“Simply put, it would be impossible for the egg now to be unscrambled.”
This is how precious metal miner Sibanye-Stillwater has responded to a Constitutional Court application by six North West mining communities to have the company’s R5.4-billion merger with Lonmin reversed and declared unlawful.
The Greater Lonmin Community, which represents six mining communities on the platinum belt of Rustenburg, wants to appeal a Competition Appeal Court judgment that paved the way for the merger to be approved because directly affected communities were allegedly excluded from merger talks. The six mining communities are Marikana, Mooinooi, Majakeng, Tornado, Nkaneng, and Bapo Ba Mogale.
In a responding affidavit submitted on 31 July, Sibanye said the merger with Lonmin, which created an enlarged entity that will become one of the world’s leading sources of platinum group metals, has been implemented and it would be “practically impossible” for it to be reversed.
Richard Stewart, Sibanye’s executive vice-president for business development, said there are several aspects of the merger that cannot be reversed after Sibanye and Lonmin shareholders voted overwhelmingly in favour of it on 10 June 2019.
Since the vote, Stewart said former Lonmin shareholders had received Sibanye shares, which are now freely tradable on the JSE.
“That cannot be reversed. It would be impossible for the shareholding of Lonmin to be recreated as it existed prior to the [merger] transaction since Sibanye has no way of knowing who owns those shares,” said Stewart in court papers.
Sibanye also cannot reverse Lonmin’s delisting from the JSE and London Stock Exchange, and the decision by employees who voluntarily resigned from Lonmin after the merger was approved by shareholders.
Stewart said “no purpose would be served” if South Africa’s apex court grants the Greater Lonmin Community’s wishes as its court application is “irregular, incompetent and lacking in merit”.
Relief asked by communities
The Greater Lonmin Community’s Constitutional Court application adds another twist to the Sibanye-Lonmin merger, which has been bedevilled by regulatory hurdles and fierce opposition from the Association of Mineworkers and Construction Union since it was initially announced on 14 December 2017.
Before the Greater Lonmin Community approached the apex court on 18 July 2019, it raised its objections about the merger to the Competition Commission, Competition Tribunal and Competition Appeal Court.
The Competition Appeal Court turned down its application on 17 May 2019 to oppose the Sibanye-Lonmin merger and its request to be admitted as an appellant during merger talks. In his judgment, Judge Dennis Davis read section 17 with section 13 (a) of the Competition Act in ruling that the Greater Lonmin Community wasn’t a key party of merger proceedings.
Louwi Mogaki, the legal representative for the Greater Lonmin Community, wants the Constitutional Court to declare that section 17 read together with section 13 (a) of the Competition Act is unconstitutional as it excludes communities that are directly affected by mergers and mining activities.
The communities also accused Lonmin of not complying with its social and labour plan to uplift mining communities since 2008. Mogaki said Judge Davis approved the Sibanye-Lonmin merger despite the Competition Commission’s “lack of competence” to “conduct a proper investigation of Lonmin’s failure to comply with its social and labour plan”.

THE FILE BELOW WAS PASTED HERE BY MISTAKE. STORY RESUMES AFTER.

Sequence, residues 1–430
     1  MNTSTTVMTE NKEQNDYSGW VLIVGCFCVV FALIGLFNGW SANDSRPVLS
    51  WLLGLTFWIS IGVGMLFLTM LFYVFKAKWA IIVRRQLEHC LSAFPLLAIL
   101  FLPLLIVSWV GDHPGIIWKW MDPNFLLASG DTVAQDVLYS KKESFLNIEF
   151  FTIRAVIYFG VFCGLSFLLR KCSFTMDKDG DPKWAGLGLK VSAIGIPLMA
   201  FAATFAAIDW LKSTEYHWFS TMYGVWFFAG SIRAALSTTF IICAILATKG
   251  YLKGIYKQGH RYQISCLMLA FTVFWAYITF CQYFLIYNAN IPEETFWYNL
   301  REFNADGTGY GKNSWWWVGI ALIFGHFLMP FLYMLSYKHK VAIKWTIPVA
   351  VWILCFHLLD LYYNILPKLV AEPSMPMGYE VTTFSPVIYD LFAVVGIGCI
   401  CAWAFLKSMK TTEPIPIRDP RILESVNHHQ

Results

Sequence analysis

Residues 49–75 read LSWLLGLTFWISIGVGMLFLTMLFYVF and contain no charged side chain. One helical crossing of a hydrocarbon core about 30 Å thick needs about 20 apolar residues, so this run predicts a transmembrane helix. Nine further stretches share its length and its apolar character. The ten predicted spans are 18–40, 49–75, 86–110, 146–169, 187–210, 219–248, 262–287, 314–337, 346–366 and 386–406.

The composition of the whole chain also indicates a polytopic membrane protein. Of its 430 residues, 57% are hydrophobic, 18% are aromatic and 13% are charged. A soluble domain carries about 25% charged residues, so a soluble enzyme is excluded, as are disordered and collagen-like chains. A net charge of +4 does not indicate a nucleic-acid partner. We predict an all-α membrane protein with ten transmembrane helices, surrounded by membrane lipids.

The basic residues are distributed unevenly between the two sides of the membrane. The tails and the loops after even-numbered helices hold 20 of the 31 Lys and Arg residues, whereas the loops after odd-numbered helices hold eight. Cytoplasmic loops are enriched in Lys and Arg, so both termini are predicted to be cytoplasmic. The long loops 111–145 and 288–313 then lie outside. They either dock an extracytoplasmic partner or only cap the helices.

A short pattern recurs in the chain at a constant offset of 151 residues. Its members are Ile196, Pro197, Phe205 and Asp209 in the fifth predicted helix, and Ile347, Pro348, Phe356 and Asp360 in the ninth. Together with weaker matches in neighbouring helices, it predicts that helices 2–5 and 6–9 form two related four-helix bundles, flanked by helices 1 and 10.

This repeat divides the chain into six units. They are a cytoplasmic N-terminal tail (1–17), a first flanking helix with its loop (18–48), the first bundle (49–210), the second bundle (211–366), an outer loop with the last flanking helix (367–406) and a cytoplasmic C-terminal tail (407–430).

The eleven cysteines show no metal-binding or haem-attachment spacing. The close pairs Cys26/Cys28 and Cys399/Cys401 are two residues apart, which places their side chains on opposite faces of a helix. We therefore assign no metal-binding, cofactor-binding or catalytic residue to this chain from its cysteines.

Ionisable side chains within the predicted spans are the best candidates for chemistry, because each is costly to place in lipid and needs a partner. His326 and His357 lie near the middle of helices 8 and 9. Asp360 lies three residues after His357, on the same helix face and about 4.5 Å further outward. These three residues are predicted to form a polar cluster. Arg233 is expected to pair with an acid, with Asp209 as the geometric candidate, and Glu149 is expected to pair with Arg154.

Sibanye hits back
Lonmin is now a subsidiary of Sibanye and the latter has taken over the former’s obligations to mining communities.
Sibanye’s Stewart has hit back, saying the Greater Lonmin Community failed to ask the Competition Appeal Court to declare that sections 17 and 13 (a) of the Competition Act were unconstitutional, but now wants the Constitutional Court to make a determination when “no case” has been made for direct access to the top court.
“Reading section 17 with section 13 (a) of the Competition Act is of purely academic interest, and would have no practical effect on the merger, which has been implemented in a manner that cannot be reversed.”
He further argued that the Greater Lonmin Community’s appeal application against the Competition Appeal Court judgment didn’t raise a constitutional issue as its arguments about Lonmin’s social and labour plan had no relation to the merger or the Competition Act. The reason is that social and labour plans are governed by the Department of Mineral Resources under the Mineral and Petroleum Resources Development Act.
“The GLC [Greater Lonmin Community] seeks merely to relitigate questions of fact that have already been considered by the [Competition] Tribunal and the CAC [Competition Appeal Court]. The GLC has no reasonable prospect of success when it comes to overturning the CAC’s decision.”
Stewart said Lonmin had complied with its two social and labour plans, which have a duration of five years, since the Mineral and Petroleum Resources Development Act (MPRDA) came into effect in 2008. Since then, two of Lonmin’s social and labour plans had been renewed and approved by the government after the company consulted with affected mining communities, he added.
On 20 July 2018, Lonmin submitted a new proposed social and labour plan, which would be effective from 2019 to 2024, to the Department of Mineral Resources. The plan is yet to be approved.
“Lonmin conducted extensive consultations with the affected communities in developing SLP3 [the third-social and labour plan] and adhered to the obligations to consult under the MPRDA.”
The Constitutional Court is yet to announce whether it will hear the matter. BM
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